Skip to main content
Ramsey Clark

Ramsey Clark and John Parker

Have you ever heard of John Parker? He's running for Barbara Boxer's U.S. Senate seat in California. He's a socialist. Really.

Have you ever heard of Ramsey Clark? He's originally from Texas and he served as U.S. Attorney General under Presidents Kennedy and Johnson. He resigned to avoid any conflicts of interest when his father, Tom Clark, was appointed to the U.S. Supreme Court.

Their two names came up together for me, and all due to Bernie Sanders. I went to downtown Los Angeles on April 30 to participate in a May Day March for Bernie. The march came one day early because May 1 was reserved for all the caucuses to elect potential delegates for the national Democratic convention in Philadelphia on July 25-28. (I'll tell you about those caucuses at the end of this article.)

The May Day March brought 1500-2000 people to the Civic Center, including Native American dancers, people carrying banners and signs for Bernie, and people trying to register voters for the election and to gather voters for the caucuses the next day. Here's a sampling. 

“Trump's running for President. Bernie – an avowed democratic socialist – is running for President. And a guy who once was the U.S. Attorney General is endorsing a socialist. How does that happen?”

Amid the busyness, someone handed me a flyer promoting John Parker for Senate. In smaller type on the side of the card, it said that Parker was endorsed by Ramsey Clark.

“Wow,” I thought. “Trump's running for President. Bernie – an avowed democratic socialist – is running for President. And a guy who once was the U.S. Attorney General is endorsing a socialist. How does that happen?” I decided to find out.

First I googled “John Parker socialist senator” in the hope of making a connection there. I found a Facebook page which included a photo of Parker speaking. At his side was a much older man, whom I quickly learned was Ramsey Clark. There was an email for Parker but no clues as to how to find Clark.

Finding Clark proved a bit difficult. I first thought that perhaps he had moved to California somehow and searched for him on the California Bar site. No luck. I then went to the Texas Bar site and learned that he had moved to New York. The Texas Bar even showed a telephone for him, but it proved to be disconnected. I found about six different sites that gave phone numbers for Clark, but they all proved bad until I finally found one that rang and a rough, Texan voice answered.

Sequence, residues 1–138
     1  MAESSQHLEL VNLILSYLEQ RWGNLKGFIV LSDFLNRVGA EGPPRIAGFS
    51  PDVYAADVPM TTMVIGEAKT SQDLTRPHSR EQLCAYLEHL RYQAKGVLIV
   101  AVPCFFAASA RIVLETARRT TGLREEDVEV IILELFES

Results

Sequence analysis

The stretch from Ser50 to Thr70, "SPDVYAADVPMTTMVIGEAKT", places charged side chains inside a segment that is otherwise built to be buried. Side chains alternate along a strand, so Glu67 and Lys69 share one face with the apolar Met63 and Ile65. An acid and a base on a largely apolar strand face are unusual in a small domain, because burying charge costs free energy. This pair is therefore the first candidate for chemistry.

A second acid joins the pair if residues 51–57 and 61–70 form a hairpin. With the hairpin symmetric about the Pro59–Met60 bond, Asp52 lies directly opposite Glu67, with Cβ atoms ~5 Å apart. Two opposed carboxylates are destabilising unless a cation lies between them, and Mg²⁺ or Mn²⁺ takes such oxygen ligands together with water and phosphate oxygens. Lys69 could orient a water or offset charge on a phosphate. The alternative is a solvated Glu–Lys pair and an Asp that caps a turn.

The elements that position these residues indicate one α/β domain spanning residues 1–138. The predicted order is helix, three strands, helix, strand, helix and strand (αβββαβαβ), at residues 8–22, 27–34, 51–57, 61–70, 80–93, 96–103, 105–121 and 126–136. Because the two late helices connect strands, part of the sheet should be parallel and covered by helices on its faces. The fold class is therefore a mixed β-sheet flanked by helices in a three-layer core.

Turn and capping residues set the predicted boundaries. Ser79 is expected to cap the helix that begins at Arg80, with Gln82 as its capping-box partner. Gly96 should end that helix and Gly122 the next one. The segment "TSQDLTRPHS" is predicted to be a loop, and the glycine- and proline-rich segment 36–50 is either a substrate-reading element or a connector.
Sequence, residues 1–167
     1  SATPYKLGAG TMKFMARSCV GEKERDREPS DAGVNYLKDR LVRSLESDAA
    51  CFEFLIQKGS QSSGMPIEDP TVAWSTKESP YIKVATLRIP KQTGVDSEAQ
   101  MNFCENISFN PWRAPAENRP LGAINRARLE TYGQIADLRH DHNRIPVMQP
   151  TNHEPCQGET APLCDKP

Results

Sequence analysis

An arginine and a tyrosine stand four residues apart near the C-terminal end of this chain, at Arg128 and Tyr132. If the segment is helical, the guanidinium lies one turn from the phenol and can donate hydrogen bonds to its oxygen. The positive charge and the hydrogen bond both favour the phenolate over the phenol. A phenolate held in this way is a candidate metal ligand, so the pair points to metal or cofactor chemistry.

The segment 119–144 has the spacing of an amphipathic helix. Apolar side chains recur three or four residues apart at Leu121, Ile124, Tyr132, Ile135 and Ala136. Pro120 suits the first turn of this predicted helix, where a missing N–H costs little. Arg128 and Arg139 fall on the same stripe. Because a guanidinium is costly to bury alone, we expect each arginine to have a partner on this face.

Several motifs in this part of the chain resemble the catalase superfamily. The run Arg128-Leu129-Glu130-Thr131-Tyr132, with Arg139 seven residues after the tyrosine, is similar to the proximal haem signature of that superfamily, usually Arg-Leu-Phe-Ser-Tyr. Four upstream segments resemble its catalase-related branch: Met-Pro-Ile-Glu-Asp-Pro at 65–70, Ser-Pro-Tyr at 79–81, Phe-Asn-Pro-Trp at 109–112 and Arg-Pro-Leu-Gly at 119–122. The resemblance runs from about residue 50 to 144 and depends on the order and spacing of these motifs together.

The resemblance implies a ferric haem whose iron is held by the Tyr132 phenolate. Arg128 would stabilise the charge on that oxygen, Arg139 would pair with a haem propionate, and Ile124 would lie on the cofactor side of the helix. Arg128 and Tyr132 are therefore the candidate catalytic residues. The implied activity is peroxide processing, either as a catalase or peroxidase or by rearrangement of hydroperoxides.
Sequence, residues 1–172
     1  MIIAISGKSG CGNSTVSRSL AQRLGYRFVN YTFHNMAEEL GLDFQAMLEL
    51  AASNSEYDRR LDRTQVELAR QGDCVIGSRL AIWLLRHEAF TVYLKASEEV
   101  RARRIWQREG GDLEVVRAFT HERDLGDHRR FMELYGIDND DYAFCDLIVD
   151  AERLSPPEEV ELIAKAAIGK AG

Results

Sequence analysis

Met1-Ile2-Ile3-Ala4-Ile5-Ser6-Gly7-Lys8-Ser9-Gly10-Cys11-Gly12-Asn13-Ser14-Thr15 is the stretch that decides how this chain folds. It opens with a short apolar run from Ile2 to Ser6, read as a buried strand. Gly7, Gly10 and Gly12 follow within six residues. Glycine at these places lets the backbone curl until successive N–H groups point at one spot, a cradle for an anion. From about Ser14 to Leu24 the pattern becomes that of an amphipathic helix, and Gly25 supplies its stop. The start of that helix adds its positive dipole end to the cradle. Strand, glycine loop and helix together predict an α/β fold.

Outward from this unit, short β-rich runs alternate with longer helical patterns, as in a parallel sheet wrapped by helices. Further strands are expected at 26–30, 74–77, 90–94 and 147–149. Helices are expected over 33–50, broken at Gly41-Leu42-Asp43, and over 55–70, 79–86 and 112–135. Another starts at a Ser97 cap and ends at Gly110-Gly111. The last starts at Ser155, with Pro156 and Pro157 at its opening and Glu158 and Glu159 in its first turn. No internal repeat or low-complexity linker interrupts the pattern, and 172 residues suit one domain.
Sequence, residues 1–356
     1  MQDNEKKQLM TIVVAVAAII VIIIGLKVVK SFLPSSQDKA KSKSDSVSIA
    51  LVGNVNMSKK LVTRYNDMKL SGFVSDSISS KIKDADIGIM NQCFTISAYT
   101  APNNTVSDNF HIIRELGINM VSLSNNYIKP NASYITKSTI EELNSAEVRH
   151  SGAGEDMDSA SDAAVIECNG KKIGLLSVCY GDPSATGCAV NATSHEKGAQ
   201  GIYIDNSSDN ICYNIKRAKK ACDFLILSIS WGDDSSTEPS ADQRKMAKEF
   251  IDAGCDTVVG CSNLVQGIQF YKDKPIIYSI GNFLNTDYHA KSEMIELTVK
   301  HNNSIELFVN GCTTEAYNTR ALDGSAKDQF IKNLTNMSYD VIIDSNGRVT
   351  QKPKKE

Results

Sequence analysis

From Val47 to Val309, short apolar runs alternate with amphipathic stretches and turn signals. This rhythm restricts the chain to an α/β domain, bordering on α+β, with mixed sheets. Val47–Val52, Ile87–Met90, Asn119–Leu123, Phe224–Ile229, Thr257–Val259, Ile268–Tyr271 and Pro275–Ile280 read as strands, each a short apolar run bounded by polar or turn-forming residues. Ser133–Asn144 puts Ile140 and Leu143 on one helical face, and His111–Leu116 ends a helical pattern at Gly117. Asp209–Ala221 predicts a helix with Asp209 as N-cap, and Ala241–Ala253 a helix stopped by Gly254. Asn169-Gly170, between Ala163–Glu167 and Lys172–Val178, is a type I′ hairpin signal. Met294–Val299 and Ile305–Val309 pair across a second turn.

“Hi,” I said. “I'm trying to reach Ramsey Clark. Is he there?”

Scroll to Continue

Recommended Articles

“Yes, he is.”

“Oh,” I realized, “Is that you?”


I was sort of surprised. A celebrity person answering his own phone.

I went on, identified myself as a writer for L.A. Progressive, and then mentioned John Parker and the fact that Clark had endorsed him. “He's a friend,” Clark stated flatly. He tended to be brief. Very Texas plus lawyerish.

That being settled, I asked about the Presidential contest. I told him that I was for Bernie and wondered if Clark had any take on the Presidential contest. He finally said that he liked Bernie and what he stood for. He was just a little concerned that Bernie was too old, given the stress of the job, On the other hand, he thought that Trump was too dangerous to be elected.

I told him that I'd spoken with Lawrence Tribe. Tribe was one of Ted Cruz's teachers at Harvard Law School. He had told me that Cruz was very smart but also very rigid in his views on the law. My own take is that Cruz is rigid because his religious views dictate his politics, so he can't compromise. (Cruz said this past February: “It is exactly right that in terms of who I am, I am a Christian first. I am an American second. I'm a conservative third. And I'm a Republican fourth. And I'll tell ya, there are a lot of Americans who feel the same way.") Clark said he agreed with the idea that Cruz was rigid and for that reason a bad presidential choice.

I couldn't get much else out of him. I told him that I thought his endorsement of a socialist was pretty amazing, but he stuck to his guns that he endorsed out of friendship.

The next day I attended the caucus for Bernie supporters in the 29th California Assembly District. It was 100% Bernie, which was very comforting. Nineteen women and about ten men were vying for delegate positions (3 for women and 2 for men). I went there both for the experience and because Mark W. from our East San Fernando Valley for Bernie group was in the running.

I do know that the five delegate number for our district is based on population. District 12 has 9 spots and District 21 has 4. The rest are in between.

Basically, if Bernie got 60% of the vote in the 29th District and Hillary got 40%, three of his delegates would get to go to Philly and two of hers would get to go. If he got more than 50%, he would still get 3 and she 2. If he got more than 70%, he would get 4 and she 1. So go, Bernie. Get at least a vote more than 50% in District 29, but preferably a vote more than 70%.


Michael T. Hertz